If you’ve taken any of our Social Media courses, you’ll know that we keep harping on about Engagement — creating content that your followers want to talk about and share with their friends.

We thought it was time once again to check out which Kiwi Facebook pages are the most engaging right now, as at 19 August 2o13. We’ve sliced and diced the numbers two ways, firstly measuring Engagement as a percentage of Page Likes and secondly in terms of total volume.

Leading the first list by a country mile: Made4Baby.

made4baby

This Kiwi brand, which provides natural skincare for babies & children, has only 2,457 Likes but was talked about by 14,300 last week, representing 584.2% Engagement — nearly six times as many people talking about the Facebook page as it has followers.

And the most talked-about post? This one, on August 6:

dirtydishes

This image attracted 286 likes and a staggering 7,393 shares — the sentiment too good not to spread. Clearly Made4Baby understands its audience!

What other New Zealand Facebook pages got people talking? Here’s our Top 10 list:

Most Engaged NZ Facebook Pages August 2013
Engagement as a percentage of Page Likes

Page Name Likes Talking Engagement %
1 Made4Baby 2,448 14,300 584.2%
2 Kaukapakapa Veterinary Services. 55 176 320.0%
3 Shed 10 36 68 188.9%
4 TripMe.co.nz 618 1,139 184.3%
5 Deborah Quin 259 403 155.6%
6 The Factory 570 763 133.9%
7 The Natural Parent Magazine 41,718 55,002 131.8%
8 nzblokes.co.nz 38,527 47,232 122.6%
9 O’Neill New Zealand 587 634 108.0%
10 Dairy Womens Network 1,107 1,123 101.4%

On the other hand, if we just look at the total numbers talking about Facebook pages, these are the Top Ten:

Most Engaged NZ Facebook Pages August 2013
Highest Numbers of People Talking About The Page

Page Name Likes Talking About Engagement %
1 All Blacks 2,016,724 101,459 5.0%
2 The Natural Parent Magazine 41,718 55,002 131.8%
3 nzblokes.co.nz 38,527 47,232 122.6%
4 Paw Justice 268,229 28,398 10.6%
5 Flight of the Conchords 1,626,814 24,782 1.5%
6 Made4Baby 2,448 14,300 584.2%
7 Air New Zealand 647,475 13,710 2.1%
8 Tip Top Ice Cream 129,218 13,560 10.5%
9 Vodafone Warriors 107,180 13,416 12.5%
10 Peter Jackson 1,029,657 13,327 1.3%

NB: We’ve discarded a few pages which were Australia/New Zealand pages (eg BlackBerry Australia/New Zealand) or which were parent/child pages (eg Nissan NZ, where reported Likes and Talking About statistics were cumulative totals of all official Nissan pages globally).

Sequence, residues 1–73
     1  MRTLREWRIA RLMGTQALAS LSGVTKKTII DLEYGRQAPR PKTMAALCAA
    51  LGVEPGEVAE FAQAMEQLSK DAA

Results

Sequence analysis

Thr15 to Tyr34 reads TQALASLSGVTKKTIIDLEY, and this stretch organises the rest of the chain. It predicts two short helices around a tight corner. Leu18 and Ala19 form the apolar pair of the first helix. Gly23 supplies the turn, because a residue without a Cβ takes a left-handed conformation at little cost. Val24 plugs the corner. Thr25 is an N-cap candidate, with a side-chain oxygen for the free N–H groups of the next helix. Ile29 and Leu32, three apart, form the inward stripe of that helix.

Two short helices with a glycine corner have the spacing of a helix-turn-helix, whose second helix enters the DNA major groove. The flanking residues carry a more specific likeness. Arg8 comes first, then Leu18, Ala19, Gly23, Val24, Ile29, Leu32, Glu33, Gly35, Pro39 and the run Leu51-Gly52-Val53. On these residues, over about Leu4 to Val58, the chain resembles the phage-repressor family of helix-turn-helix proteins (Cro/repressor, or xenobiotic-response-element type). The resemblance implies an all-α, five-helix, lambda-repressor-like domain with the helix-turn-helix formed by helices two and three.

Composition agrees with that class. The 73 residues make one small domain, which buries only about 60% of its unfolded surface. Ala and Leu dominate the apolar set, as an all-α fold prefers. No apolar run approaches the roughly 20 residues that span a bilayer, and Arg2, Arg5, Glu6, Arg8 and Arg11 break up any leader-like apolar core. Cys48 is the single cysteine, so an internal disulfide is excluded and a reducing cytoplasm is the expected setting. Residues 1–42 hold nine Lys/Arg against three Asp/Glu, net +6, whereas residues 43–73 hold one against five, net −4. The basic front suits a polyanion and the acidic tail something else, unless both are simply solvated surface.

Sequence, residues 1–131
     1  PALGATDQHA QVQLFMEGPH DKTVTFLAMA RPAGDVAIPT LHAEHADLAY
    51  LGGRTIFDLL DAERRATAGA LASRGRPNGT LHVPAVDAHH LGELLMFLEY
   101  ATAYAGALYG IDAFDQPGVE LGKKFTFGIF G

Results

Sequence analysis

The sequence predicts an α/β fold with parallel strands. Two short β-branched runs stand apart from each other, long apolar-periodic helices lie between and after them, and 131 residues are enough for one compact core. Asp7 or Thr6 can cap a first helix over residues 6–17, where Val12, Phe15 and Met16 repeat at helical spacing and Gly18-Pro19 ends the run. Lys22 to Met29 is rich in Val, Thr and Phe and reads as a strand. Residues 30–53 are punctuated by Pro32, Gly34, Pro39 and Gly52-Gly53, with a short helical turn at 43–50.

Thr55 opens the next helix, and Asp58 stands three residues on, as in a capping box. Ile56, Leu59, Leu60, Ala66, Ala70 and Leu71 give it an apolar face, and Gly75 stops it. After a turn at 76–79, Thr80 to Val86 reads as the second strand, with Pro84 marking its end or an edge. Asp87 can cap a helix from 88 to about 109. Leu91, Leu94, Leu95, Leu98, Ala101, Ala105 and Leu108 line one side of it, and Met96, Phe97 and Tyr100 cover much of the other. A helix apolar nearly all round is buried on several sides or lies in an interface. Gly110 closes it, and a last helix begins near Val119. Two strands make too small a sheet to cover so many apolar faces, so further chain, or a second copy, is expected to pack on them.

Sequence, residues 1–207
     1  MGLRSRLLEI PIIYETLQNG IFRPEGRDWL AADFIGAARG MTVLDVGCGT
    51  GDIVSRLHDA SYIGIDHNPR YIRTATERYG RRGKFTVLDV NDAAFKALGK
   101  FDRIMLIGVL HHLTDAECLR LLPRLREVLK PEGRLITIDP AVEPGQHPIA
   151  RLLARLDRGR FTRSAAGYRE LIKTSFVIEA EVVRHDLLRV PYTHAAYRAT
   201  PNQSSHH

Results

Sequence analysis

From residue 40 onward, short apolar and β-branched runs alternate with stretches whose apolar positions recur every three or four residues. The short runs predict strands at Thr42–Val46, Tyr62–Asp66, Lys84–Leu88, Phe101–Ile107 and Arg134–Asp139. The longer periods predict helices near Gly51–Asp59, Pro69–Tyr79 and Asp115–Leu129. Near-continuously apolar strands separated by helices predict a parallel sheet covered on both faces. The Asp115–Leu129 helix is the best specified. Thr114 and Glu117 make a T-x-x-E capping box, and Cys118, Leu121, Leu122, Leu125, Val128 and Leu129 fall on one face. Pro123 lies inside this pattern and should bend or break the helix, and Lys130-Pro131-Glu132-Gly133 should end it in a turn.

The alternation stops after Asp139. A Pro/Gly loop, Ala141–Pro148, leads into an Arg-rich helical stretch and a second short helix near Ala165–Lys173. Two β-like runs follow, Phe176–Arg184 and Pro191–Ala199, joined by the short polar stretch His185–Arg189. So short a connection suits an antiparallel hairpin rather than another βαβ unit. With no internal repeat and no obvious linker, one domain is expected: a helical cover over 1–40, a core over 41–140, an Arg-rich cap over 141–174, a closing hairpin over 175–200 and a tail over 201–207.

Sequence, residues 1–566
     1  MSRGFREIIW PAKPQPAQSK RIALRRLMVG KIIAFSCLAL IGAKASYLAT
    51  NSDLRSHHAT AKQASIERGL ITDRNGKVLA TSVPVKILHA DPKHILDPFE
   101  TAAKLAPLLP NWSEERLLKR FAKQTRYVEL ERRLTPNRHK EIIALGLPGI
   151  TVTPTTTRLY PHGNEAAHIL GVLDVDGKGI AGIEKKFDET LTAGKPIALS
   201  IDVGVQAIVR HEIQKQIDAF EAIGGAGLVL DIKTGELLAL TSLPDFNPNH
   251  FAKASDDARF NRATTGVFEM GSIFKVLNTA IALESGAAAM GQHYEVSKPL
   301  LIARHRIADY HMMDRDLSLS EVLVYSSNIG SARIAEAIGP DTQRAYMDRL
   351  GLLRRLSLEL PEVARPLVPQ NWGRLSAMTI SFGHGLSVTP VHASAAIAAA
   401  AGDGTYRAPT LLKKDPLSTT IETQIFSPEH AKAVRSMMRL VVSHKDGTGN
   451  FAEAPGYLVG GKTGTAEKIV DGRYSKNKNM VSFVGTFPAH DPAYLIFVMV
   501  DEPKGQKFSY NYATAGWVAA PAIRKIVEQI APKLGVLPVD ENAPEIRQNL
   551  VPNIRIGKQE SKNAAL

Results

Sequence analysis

Source of this analysis: the 19 August 2013 edition of our own Netmarketing Courses database of more than 31,000 NZ Facebook pages, for which we gather updated data weekly.

Latest NZ Social Media Statistics

If there was any doubt about the spread of social media in New Zealand, the release by Statistics New Zealand of the findings of the 2012 Household Use of Information and Communication Technology study should quickly put to any concerns to rest.

nz-social-media-statistics

Two out of every three of the 2.8 million New Zealanders Over 15 who went online between December 2011 and September 2012 accessed social networks, according to the report. Think of that result as cumulative social media reach.

65-percent-of-kiwis-access-social--media

These numbers will come as no surprise to those who have been following social media regularly, but consider them official confirmation.

If you’re wondering exactly which social networks were worthy of Kiwi attention in 2012, Nielsen Online Ratings data from December 2012 can answer that question:

which-social-networks-are-most-popular-in-nz

Not much of a race. Since it slipped past Bebo and took over as the Number 1 New Zealand Social Media destination in April 2009, Facebook has gone from strength to strength in this country (as, indeed, it has elsewhere on the planet).

Younger users may gripe that the site is no longer cool (now their parents and grandparents are on Facebook), but so far there are no meaningful alternatives. For now, at least, long live the king!